Wry Oak

Oak aging is a very hot topic these days. Depending on your point of view, and taste buds, its either a very, very good thing or a very, very bad thing. Both outlooks are problematic and fraught with misconceptions and outright lies. Within taking sides on the issue, let me try to explain…

Oak barrels were initially used to store and transport wines because they were…available. Barrels were used to store and transport everything…flour, nails, fish. Oak was used because of the preponderance of oak forests in central Europe. (chestnut was used in northern Italy, palm in the Middle East). Oak offered other advantages as well…it was bendable (using heat), water tight, yet porous. Wines spending time in oak barrel loose some liquid to evaporation (the angel’s share, it was called) leaving the remaining wine more concentrated. During aging, various soluble oak components diffuse into the wine and enhance the intensity and complexity of wine flavors. And some oxygen passes into the wine, softening the tannins. (It’s important to note that some interaction between the wine and oxygen during the winemaking process is beneficial, for that reason oak, as well as concrete, vats are used.)

The arguments are generally about how oak may affect the flavor of the wine. Largely, this revolves around four variables;

1.) the origin of the oak,

2.) the age (or prior use) of the barrel,

3.) the size of the barrel, and

4.) the ‘char’ on the staves of the barrel.

Oak imparts different (or more or less flavoring) depending on where its from (USA or Central Europe, Hungarian or French, Minnesotan or Tennessean, as an example) . New barrels impart more flavor than older (previously used) barrels. Smaller barrels impart more flavor than large barrels (more oak surface contact to wine). And more heavily charred staves impart more (and different) flavors than lesser charred (or steamed) staves.

Many, many people absolutely delight in the flavors that oak aging imparts on wine. To some, the toffee, caramel, smokey, woody and vanilla flavors imported by oak are integral to their wine enjoyment. For this reason, some wineries don’t really ‘age’ their wines in oak barrels, but rather add oak chips, or oak powders or put oak boards into the wine. This process is much less expensive than actually aging the wine in barrel. Prior to 2006, the practice was outlawed in the European Union. Its always been legal in the US, Australia, South American and nearly everywhere else.  I think its cheating.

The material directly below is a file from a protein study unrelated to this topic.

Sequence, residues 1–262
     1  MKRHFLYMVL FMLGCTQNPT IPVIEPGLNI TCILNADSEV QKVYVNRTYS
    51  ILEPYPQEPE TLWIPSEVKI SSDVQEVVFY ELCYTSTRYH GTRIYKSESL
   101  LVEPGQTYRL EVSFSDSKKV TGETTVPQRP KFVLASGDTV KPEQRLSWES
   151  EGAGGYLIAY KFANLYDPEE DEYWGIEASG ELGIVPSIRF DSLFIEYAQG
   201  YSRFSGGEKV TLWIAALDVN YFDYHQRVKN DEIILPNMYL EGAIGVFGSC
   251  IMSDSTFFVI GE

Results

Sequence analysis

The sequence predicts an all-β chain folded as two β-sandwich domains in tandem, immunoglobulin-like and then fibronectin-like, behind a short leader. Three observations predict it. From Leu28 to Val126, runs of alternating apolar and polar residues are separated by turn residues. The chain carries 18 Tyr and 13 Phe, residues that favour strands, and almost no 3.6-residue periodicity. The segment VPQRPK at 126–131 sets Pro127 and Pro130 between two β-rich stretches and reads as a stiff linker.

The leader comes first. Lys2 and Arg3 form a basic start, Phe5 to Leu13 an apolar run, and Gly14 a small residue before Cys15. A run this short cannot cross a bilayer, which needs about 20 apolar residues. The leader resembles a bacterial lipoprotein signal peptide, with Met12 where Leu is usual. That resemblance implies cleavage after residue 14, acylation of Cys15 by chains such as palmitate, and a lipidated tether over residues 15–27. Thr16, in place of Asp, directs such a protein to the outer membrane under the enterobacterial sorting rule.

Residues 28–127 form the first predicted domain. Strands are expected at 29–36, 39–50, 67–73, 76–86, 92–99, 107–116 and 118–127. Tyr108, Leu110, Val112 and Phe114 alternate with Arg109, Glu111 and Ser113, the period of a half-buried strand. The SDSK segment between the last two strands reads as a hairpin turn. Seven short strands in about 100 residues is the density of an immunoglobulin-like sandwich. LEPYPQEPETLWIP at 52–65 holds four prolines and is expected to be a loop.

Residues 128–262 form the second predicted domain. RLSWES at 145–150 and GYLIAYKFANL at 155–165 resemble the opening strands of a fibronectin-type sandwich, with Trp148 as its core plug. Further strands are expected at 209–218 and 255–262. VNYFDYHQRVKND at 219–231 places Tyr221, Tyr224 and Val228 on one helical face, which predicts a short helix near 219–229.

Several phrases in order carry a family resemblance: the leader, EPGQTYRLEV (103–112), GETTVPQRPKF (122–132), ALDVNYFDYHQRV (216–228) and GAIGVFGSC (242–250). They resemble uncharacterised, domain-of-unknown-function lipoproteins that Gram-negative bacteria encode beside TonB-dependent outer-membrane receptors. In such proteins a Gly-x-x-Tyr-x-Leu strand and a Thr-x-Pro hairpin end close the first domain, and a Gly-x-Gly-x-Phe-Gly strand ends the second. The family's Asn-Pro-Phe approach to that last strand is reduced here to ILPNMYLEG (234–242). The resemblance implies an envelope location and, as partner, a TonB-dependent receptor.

Wines that spend time in large, old, Old World sourced oak barrels see the positive effects of barrel aging without imparting of much (or any) flavoring. Its for this reason that there exists an assumption that many French wines (like Chardonnay from Burgundy) don’t see any oak. The clear answer to that is…it depends. Typically, Chardonnay from Chablis sees little or no oak (or they age in large, previously used barrels). Likewise, wines from the warmer, southern end of Burgundy, may or may not spend time in barrel. This could be an economic as well as aesthetic issue, as these wines are often earlier to market and less expensive than the famed wines from Montrachet and Meursault. Which, by and large, do spend considerable time in oak barrels.

Red wines may or may not spend time in oak barrels. Many do. Maybe even most. But its not automatic. Reds may or may not spend time in large or small, new or used, American white oak or French red oak. There are no rules. This is a decision made in the vineyard and the winery and the factors are too myriad to list. Tradition is a factor. Economics, for sure (barrels are expensive, as is time and storage). Perhaps the most critical factor is the winemaker’s vision of the end result.

Aside from the taste, oak may or may not be complacent in ‘RWH’ (Red Wine Headache), an allergic reaction to something (or somethings) in red wine. It might be tannins. It could be histamines. Maybe alcohol. Its not sulfites, for sure. But, to be safe, since oak aging does impart tannins and histamines, then staying away from oak aged wines might allow you to steer clear of RWH. Maybe.

If you’ve been reading, more or less patiently, for my opinion on oak, I’m afraid that I’m going to disappoint. I’m not a huge fan of new American oak and its effects on wine. Except when I am. Sometimes the use of oak is jarringly unpleasant (or as I often describe wines, unlovely). Sometimes it’s just grand. It really depends on other factors. Context. Expectation. Type of wine. Ripeness of the grapes. Overall balance. And there it is. To me, the question of balance is most important. I don’t really want any singular aspect of the wine to dominate. I want fruit. And acidity. And tannins. And bouquet. Perhaps some sugar. And maybe oak. But not too much of any one thing. Those syrupy, fruit-laden, vanilla doused, campfire scented, high-scoring reds? Nope. Not for me. But, hey…if you like them, have at it.